Jordan Villwock, City of LB Emergency Operations Coordinator, will be the keynote speaker.

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Single house left standing after the 1993 fire 

Attendees will learn how to better prepare for their families, pets and homes against wildfires, landslides/floods, earthquakes, and tsunamis.

Ever wonder how one house survived the 1993 fire? An architect will be present to talk about the surviving house. Elliot Quint and Tom Stewart from Friends of Architecture will also be available to answer questions. 

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Be prepared for a wildfire

The 1993 fire burned through 14,000 acres of Laguna Canyon wilderness and ravaged multiple neighborhoods. It destroyed 440 homes and threatened many others.

A Laguna Beach Fire Department presentation “How to protect your home from Wildfires” will cover practical tips for low-cost home retrofits and renovations.

The Susi Q Center is located at 380 3rd St., 949-464-6645.

For further information, contact Jordan Villwock, City of LB Operations Coordinator, at 949-497-0389.

Kate Buckley announces Poet Laureate’s Showcase readings on March 8 at LCAD Gallery on Ocean

Kate Buckley, Laguna Beach’s inaugural poet laureate, has launched a Poet Laureate’s Showcase series of readings, aimed at bringing nationally known poets to Laguna. Literary luminaries featured to-date include Noah Blaustein, Victoria Chang, Grant Hier, Garrett Hongo, Sarah Maclay, Christopher Merrill, Kathryn Nuernberger, and Tom Zoellner.

The next Poet Laureate’s Showcase reading will be held on Thurs, March 8 from 7 - 9 p.m. at the Laguna College of Art + Design Gallery located at 374 Ocean Avenue. The literary showcase will feature the novelist Victoria Patterson and award-winning poets Francesca Bell and Kate Buckley. The evening will conclude with a conversation with the writers and refreshments.

This series is free and open to the public and graciously hosted by the Laguna College of Art + Design. The Poet Laureate program is funded by the lodging establishments and City of Laguna Beach.

Featured poets have been widely published

Francesca Bell has poems published in BODY, burntdistrict, ELLE, Flycatcher, New Ohio Review, North American Review, Poetry Northwest, Prairie Schooner, Rattle, Spillway, Tar River Poetry, and Zone 3. She has been nominated ten times for the Pushcart Prize and won the 2014 Neil Postman Award for Metaphor from Rattle. Francesca’s translations, from Arabic and German, appear in Berkeley Poetry Review, Blue Lyra Review, Circumference | Poetry in Translation, Four by Two, Laghoo, and The Massachusetts Review.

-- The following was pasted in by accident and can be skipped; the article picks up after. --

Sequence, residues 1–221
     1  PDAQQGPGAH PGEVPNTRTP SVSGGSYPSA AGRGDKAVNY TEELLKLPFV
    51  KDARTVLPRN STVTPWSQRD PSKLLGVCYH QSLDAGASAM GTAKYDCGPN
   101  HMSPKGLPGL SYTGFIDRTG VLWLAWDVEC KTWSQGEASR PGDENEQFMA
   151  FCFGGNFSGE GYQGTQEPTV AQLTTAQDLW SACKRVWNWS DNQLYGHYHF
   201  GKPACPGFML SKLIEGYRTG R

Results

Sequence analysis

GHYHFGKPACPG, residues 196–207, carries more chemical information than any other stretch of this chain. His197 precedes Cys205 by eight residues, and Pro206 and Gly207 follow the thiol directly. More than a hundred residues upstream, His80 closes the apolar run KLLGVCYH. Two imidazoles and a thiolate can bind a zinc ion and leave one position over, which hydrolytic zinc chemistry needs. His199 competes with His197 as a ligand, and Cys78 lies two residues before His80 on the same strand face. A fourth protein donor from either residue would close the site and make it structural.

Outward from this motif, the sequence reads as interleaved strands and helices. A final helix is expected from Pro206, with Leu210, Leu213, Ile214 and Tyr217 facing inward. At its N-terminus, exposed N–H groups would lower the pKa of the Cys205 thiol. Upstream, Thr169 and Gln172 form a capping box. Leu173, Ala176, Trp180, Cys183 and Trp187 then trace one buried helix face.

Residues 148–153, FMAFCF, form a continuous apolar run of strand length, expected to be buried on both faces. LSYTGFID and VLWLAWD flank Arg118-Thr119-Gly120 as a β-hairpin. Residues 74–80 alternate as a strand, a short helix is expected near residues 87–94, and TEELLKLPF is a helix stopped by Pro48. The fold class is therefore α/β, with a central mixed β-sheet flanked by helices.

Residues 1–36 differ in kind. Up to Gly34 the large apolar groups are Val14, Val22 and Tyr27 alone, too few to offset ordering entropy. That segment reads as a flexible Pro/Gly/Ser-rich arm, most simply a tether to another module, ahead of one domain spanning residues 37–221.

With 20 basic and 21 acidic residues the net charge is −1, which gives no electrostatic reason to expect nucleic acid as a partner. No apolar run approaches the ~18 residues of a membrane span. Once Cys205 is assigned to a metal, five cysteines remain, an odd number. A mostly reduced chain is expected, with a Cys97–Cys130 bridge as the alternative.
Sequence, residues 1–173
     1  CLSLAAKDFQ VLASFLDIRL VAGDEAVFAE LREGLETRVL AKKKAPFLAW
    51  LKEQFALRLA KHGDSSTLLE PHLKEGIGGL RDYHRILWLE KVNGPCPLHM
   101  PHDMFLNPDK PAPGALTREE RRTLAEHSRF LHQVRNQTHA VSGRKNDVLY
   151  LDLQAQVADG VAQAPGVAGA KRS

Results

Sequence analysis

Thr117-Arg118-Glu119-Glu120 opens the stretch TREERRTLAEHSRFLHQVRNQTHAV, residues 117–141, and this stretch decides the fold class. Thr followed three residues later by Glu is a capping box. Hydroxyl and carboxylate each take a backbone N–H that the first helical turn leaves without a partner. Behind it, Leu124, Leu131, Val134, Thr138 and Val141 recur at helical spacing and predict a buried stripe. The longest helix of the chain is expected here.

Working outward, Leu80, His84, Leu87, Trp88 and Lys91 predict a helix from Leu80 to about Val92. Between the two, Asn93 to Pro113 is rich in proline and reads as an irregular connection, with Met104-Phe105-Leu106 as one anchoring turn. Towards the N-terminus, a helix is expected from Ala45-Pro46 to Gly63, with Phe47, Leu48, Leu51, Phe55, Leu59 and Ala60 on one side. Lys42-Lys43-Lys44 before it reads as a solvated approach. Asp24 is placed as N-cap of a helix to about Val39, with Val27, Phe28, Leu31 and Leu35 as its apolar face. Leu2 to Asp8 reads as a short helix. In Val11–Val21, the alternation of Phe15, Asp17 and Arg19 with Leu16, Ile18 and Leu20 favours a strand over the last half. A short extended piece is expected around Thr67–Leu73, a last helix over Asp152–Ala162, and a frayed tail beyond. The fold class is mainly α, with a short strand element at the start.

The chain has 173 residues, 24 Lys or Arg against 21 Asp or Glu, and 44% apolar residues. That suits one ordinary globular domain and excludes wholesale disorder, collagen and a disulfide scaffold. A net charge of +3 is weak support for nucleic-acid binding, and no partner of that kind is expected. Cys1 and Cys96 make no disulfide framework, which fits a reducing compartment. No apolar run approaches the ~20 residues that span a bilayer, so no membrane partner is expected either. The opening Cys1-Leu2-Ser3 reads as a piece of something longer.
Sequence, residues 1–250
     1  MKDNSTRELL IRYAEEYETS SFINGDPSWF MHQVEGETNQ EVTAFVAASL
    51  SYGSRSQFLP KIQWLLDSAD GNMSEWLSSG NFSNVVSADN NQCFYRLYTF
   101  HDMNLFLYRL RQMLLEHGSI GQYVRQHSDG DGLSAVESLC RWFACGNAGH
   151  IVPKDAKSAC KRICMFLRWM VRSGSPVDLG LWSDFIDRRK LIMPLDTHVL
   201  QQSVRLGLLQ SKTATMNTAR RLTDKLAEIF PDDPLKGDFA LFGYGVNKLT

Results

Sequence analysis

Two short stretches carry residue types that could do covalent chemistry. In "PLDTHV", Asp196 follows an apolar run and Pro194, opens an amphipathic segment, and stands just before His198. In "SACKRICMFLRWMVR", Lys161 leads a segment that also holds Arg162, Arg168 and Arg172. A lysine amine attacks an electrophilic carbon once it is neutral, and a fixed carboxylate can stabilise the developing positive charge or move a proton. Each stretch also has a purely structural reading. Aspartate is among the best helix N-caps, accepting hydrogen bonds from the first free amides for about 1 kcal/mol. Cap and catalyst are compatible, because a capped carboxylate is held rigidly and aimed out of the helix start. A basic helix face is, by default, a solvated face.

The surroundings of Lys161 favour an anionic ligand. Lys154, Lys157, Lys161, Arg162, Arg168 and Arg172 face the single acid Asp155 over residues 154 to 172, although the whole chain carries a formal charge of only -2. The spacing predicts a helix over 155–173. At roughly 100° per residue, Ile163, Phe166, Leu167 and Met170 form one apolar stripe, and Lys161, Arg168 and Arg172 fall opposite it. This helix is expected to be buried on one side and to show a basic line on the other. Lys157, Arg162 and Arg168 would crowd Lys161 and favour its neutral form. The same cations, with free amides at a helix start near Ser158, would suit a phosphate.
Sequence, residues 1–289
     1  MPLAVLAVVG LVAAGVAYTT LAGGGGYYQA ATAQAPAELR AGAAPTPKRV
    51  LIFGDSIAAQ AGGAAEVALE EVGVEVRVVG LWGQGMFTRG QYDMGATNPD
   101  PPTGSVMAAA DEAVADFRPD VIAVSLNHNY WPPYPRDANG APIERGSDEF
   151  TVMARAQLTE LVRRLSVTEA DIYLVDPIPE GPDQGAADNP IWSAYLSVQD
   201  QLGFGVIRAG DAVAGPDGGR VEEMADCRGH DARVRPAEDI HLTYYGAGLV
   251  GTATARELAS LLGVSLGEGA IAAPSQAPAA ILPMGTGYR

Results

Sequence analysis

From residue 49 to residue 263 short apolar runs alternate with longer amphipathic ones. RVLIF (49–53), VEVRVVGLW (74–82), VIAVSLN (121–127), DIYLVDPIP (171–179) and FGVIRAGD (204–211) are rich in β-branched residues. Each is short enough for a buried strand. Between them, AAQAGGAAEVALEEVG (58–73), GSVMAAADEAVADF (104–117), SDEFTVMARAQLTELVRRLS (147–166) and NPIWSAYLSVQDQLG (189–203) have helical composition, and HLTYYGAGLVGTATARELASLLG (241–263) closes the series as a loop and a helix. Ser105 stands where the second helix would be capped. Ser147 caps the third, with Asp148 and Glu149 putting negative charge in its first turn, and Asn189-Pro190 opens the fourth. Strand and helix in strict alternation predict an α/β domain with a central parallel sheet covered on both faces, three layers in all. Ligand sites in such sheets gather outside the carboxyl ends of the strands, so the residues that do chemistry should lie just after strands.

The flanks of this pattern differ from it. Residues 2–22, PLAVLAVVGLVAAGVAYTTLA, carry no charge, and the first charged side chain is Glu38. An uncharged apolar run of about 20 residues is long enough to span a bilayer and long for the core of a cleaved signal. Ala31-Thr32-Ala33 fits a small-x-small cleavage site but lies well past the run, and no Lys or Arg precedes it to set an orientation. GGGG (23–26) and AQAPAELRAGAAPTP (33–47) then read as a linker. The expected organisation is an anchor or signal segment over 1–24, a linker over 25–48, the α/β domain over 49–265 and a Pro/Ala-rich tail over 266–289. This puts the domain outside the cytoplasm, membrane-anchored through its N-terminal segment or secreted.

She co-translated Shatha Abu Hnaish’s book of poems, A Love That Hovers Like a Bedeviling Mosquito (Dar Fadaat, 2017), and Red Hen Press will publish her first collection, Bright Stain, in 2019. She is the events coordinator for the Marin Poetry Center and the former poetry editor of River Styx. 

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Poet Francesca Bell won the 2014 Neil Postman Award 

Kate Buckley has poems published or forthcoming in Bellingham Review, The Cafe Review, Chaparrel, North American Review, Poetry Foundation, Rattle, Shenandoah, Silk Road Review, Slipstream, and many others. She holds an MFA in Creative Writing from Spalding University and is the author of A Wild Region (Moon Tide Press), named a Midwest Book Review Selection, and Follow Me Down (Tebot Bach). 

A four-time Pushcart Prize nominee, Kate’s awards include a Gabehart Prize and the North American Review’s James Hearst Poetry Prize. Her short story, “The Gods of Flight,” was shortlisted for the Bridport Prize. 

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Kate is currently serving as the local Poet Laureate

Victoria Patterson is the author of the novels The Peerless Four and This Vacant Paradise, a 2011 New York Times Book Review Editors’ Choice. Her story collection, Drift, was a finalist for the California Book Award, the 2009 Story Prize, and was selected as one of the best books of 2009 by The San Francisco Chronicle. She lives with her family in Southern California and teaches at Antioch University’s Master of Fine Arts program. 

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Victoria Patterson is 2011 New York Times Book Review Editors Choice